We withdraw.  We look inward.  We reflect.  We go deep.

Lent is a time for prayer, repentance, sacrifice and good works.  It is a time when we deny ourselves that which is taking up the spaces where we need more of God.

In my deep there is darkness.

His deep is pure light.

In me there are shadows of fear and doubt.

In Him only trust and hope.

And while I want to enter into great spiritual exercises, measure out disciplines, and enter into a deep mourning and grief over the shortcomings and failings in my life, a tender voice sighs:  Quiet.

It’s the whisper in the frigid wind, the blinding sun reflecting on a frozen landscape, the deafening silence of the earth buried in a heavy blanket of snow.

It is still winter.

And while I am inclined to strain myself in the birth of spring, with rituals of purification and cleansing, He gently persuades…give ear and come to me; hear me, that your soul may live…for my thoughts are not your thoughts, neither are your ways my ways.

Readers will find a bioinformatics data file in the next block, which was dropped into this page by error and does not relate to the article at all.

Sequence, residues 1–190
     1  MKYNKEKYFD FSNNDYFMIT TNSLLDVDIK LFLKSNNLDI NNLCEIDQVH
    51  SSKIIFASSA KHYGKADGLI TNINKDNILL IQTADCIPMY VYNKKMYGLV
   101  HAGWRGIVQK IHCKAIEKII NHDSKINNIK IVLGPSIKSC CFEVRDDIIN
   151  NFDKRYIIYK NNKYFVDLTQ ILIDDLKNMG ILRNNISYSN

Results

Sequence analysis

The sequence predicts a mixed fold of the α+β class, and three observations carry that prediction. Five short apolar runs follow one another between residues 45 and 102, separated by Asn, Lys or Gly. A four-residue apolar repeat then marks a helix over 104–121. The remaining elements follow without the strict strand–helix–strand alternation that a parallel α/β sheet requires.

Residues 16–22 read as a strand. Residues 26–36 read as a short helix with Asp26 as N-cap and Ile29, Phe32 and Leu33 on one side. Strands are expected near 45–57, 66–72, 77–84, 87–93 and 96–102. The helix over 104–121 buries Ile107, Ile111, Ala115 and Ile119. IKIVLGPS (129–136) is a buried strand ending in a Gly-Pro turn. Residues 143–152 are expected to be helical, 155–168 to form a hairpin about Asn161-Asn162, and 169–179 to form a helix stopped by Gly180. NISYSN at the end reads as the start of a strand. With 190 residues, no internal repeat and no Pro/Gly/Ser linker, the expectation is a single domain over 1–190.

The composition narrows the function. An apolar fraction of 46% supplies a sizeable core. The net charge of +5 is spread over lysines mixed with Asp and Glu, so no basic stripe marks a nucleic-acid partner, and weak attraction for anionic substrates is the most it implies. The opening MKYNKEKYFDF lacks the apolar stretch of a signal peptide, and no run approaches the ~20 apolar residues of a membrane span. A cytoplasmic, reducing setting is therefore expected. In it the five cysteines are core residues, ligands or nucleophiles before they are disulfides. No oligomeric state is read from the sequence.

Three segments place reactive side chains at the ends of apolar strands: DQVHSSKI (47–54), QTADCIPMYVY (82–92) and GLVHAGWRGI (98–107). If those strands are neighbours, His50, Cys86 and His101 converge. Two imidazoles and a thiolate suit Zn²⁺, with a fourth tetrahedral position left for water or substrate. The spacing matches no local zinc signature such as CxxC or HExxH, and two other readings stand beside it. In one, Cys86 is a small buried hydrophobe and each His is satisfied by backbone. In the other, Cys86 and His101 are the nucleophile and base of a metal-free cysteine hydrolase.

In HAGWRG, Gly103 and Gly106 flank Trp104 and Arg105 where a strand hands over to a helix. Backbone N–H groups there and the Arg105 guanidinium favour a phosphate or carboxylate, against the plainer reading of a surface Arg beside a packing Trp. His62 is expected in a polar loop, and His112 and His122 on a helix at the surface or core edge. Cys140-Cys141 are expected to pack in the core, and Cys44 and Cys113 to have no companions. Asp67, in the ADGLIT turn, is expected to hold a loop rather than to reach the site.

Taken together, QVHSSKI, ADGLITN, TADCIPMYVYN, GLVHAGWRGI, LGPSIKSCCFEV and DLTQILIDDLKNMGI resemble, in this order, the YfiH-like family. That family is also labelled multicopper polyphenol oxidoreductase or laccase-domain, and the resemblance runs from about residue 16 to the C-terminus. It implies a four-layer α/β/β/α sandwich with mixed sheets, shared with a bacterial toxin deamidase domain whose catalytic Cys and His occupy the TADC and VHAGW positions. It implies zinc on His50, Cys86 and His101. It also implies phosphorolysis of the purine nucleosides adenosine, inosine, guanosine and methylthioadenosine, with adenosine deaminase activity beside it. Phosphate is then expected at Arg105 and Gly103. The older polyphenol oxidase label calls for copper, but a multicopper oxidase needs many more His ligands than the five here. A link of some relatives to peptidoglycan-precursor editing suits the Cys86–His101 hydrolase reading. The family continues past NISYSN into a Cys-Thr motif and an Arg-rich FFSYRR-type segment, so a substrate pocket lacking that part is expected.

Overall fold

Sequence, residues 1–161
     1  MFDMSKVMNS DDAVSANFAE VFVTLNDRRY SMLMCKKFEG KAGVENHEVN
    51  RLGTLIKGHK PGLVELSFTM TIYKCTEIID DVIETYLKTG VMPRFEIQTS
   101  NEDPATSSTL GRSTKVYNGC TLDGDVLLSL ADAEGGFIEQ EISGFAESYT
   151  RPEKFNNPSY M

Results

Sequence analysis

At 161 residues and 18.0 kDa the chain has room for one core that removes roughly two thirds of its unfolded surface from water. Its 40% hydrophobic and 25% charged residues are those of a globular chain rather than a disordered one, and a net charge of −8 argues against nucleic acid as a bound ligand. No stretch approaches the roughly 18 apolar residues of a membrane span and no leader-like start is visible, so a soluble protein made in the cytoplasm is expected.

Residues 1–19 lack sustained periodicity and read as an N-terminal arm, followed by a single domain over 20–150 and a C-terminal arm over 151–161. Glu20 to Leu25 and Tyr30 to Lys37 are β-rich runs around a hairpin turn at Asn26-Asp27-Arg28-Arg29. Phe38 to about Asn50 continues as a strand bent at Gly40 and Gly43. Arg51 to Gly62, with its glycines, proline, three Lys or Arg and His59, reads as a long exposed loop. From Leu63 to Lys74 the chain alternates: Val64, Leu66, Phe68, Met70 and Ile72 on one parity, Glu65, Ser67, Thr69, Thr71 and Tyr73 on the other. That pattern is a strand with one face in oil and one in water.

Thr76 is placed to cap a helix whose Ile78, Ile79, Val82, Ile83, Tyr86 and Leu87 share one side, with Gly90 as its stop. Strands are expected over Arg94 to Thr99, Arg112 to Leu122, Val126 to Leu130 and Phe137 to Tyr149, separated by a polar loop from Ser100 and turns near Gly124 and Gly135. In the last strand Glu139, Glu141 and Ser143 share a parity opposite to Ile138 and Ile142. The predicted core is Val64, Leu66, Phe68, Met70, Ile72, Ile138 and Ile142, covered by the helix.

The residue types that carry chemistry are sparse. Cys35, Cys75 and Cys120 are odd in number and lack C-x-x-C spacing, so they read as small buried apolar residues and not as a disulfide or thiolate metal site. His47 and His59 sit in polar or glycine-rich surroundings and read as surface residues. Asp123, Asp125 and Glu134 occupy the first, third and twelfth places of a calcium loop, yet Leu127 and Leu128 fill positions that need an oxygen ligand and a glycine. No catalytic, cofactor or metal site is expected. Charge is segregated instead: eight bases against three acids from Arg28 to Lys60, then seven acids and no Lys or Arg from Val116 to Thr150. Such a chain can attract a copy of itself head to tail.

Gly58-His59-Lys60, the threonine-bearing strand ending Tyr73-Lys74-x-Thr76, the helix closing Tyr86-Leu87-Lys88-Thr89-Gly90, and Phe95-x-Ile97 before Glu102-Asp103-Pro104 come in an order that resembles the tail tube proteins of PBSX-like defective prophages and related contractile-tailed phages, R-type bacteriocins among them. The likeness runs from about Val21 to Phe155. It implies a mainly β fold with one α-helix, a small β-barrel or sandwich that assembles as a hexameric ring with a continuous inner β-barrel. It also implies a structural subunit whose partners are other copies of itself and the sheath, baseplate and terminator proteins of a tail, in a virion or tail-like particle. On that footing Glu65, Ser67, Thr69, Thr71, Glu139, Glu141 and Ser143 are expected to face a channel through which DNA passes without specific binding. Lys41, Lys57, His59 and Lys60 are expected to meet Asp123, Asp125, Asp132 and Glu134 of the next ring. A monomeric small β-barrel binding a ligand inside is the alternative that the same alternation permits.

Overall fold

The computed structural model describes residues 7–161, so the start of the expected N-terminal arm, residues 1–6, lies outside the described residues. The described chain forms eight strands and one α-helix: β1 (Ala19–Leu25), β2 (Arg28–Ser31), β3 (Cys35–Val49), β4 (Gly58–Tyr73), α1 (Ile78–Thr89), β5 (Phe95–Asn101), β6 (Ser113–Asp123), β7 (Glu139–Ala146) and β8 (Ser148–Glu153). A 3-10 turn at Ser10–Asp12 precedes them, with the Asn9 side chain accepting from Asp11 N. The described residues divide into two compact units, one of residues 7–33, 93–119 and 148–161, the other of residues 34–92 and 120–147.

It is not yet Spring, but it’s coming.  And we must prepare,  not by human force, but by God’s own gentle path.

He calls me to his tender, merciful arms.  He invites me to walk in communion with His Holy Spirit.  He encourages me to abide in the aroma of his goodness and illuminated in His refining light.

Because where there is light the darkness is pushed out.

I cannot win this struggle by my own might.  I will achieve nothing with my own spiritual calisthenics.

Only the light can overcome darkness.

I cannot do what only He can do for me. But I can heed his voice.  I can abide in Him, so that He in turn can abide in me.

Then, when I am in full communion with the love and peace of the Holy Spirit, and I’ve invited Him to tame the monsters of my deep – doubt, control, anxiety, ambition, pride – then I can exist as He intended:  to know Him, to receive and speak life, to love.

Spring is coming, and we must prepare, so that Christ can resurrect again through each one of us in our words and in our service.

“I choose gentleness… Nothing is won by force. I choose to be gentle. ” – Max Lucado


(be gentle  from


“Getting to know our neighbors
in Lodge Grass, Montana”

From March 8 – 15, 2014, fourteen adults from Hosanna Highland Campus Ministry visited with the community of Lodge Grass, Montana, Pastor Dan Jacobs, and disciples of Crow Lutheran Ministry. It was a week of relationship building, listening, learning and sharing…and playing! Please click on the link below to view some of the photos!